Globally, there are over 98 mobile subscriptions per 100 people, so the chances are, you have a cell phone. Now look at your recent calls, both sent and received: Who do you call most often? Who calls you the most? Do you send, or receive more calls? All this is cell phone metadata: not the content of the calls, but ancillary information, the “who, where and when”.
It’s information that can reveal a lot about you. Your cellphone carrier already uses it to bill you, and may also be using it to target marketing or special offers at you. And with appropriate privacy protections, it can offer researchers a similar opportunity. In this week’s episode of Between 2 Geeks we ask how cellphone metadata (“call detail records”) can help researchers understand entire societies.
We speak with Prof. Joshua Blumenstock from the School of Information at the University of California, Berkeley. He has spent much of his career looking for ways in which this kind of social big data can be used in development. For example, he used metadata to understand how mobile money provided a support mechanism in Rwanda, in the aftermath of the 2008 Lake Kivu earthquake. He’s also using it to understand the impact of migration and urbanization on ethnic segregation in Estonia.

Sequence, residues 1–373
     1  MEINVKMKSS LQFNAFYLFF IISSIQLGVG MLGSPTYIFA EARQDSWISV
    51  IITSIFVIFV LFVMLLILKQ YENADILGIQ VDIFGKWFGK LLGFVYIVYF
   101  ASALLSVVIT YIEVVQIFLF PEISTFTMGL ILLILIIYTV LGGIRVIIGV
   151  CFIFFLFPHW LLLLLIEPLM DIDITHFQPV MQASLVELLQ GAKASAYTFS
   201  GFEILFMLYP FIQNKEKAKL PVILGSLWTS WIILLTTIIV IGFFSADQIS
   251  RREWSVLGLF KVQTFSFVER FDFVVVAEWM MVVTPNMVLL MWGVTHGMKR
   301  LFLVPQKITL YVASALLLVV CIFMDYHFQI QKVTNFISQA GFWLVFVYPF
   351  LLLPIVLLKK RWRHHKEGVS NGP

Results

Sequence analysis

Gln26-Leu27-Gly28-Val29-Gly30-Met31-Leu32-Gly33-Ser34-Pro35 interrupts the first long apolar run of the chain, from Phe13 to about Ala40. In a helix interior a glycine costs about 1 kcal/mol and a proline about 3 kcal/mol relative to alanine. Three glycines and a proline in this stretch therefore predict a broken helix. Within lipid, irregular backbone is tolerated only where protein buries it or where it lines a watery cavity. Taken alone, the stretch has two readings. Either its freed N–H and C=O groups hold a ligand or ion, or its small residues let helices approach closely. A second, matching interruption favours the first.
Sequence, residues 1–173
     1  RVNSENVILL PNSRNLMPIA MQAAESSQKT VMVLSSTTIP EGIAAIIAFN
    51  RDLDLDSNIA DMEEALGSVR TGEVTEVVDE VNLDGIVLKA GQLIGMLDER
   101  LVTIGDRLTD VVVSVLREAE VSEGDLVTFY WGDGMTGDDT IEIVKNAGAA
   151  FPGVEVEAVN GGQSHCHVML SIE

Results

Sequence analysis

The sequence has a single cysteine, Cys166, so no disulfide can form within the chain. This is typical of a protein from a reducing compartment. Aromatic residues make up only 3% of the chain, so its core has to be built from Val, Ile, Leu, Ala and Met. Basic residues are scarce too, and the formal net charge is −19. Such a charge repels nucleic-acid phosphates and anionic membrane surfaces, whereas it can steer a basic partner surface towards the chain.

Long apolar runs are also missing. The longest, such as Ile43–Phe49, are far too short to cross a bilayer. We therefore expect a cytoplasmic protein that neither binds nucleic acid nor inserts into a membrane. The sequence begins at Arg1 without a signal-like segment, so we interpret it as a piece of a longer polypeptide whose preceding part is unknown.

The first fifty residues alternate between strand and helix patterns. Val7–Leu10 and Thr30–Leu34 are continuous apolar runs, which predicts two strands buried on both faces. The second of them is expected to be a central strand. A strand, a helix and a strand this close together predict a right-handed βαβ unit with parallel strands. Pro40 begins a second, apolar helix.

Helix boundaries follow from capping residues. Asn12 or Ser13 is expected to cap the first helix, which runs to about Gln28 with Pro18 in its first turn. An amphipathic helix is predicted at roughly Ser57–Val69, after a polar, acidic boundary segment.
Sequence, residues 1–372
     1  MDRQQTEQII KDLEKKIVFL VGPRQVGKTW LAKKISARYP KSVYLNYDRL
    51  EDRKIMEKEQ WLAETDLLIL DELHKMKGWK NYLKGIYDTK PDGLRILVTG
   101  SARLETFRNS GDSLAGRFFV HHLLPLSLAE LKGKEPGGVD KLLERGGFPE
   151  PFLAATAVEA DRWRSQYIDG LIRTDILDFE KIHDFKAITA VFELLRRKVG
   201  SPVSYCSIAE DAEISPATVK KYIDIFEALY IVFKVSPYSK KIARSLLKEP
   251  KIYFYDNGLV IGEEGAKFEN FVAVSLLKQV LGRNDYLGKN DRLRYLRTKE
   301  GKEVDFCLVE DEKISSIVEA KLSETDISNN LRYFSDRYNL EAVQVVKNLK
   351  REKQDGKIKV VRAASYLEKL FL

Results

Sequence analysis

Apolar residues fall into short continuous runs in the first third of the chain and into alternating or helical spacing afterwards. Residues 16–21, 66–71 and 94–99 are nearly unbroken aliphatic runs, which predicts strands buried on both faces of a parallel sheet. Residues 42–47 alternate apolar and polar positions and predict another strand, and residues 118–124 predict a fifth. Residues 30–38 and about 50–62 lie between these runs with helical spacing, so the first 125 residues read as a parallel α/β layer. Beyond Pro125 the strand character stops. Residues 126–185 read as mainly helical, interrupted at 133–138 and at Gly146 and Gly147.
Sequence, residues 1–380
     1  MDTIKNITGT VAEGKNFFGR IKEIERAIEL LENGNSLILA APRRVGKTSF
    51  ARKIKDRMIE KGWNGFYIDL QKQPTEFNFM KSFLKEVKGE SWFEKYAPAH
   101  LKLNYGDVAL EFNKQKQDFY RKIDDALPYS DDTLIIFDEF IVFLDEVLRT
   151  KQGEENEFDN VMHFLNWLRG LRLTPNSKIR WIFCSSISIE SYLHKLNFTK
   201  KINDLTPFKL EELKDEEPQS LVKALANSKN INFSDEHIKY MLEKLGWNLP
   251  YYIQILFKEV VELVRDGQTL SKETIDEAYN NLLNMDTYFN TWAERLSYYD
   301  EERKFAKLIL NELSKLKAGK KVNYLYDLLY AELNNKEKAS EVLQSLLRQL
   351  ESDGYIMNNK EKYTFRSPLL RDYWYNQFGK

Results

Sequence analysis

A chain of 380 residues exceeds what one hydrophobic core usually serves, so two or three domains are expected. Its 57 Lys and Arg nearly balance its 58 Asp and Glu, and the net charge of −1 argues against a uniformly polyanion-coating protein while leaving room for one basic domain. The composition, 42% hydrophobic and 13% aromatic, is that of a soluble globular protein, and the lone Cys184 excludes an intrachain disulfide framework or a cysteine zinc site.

Using metadata like phone records brings its own challenges and considerations. For one thing, although cellphones are nearly ubiquitous, voice calling is in decline, as “over-the-top” messaging services like Whatsapp, WeChat and Viber grow in popularity, making the metadata techniques we discuss less powerful. And although it didn’t make the podcast, privacy is a major area of discussion. Benefits from research must be balanced against risks to individual privacy, and new models are emerging to support this.
Regardless of how these challenges evolve, it seems certain that this kind of research using large-scale social data will continue to grow – offering new insights into human behavior that can translate into concrete policy.
This episode of Between 2 Geeks is hosted by Tariq Khokhar & Andrew Whitby, and produced by Richard Miron. You can chat with us on twitter with the hashtag #Between2Geeks, listen to more episodes on the World Bank Soundcloud Channel and subscribe to “World Bank’s Podcasts” in your podcast app or on iTunes.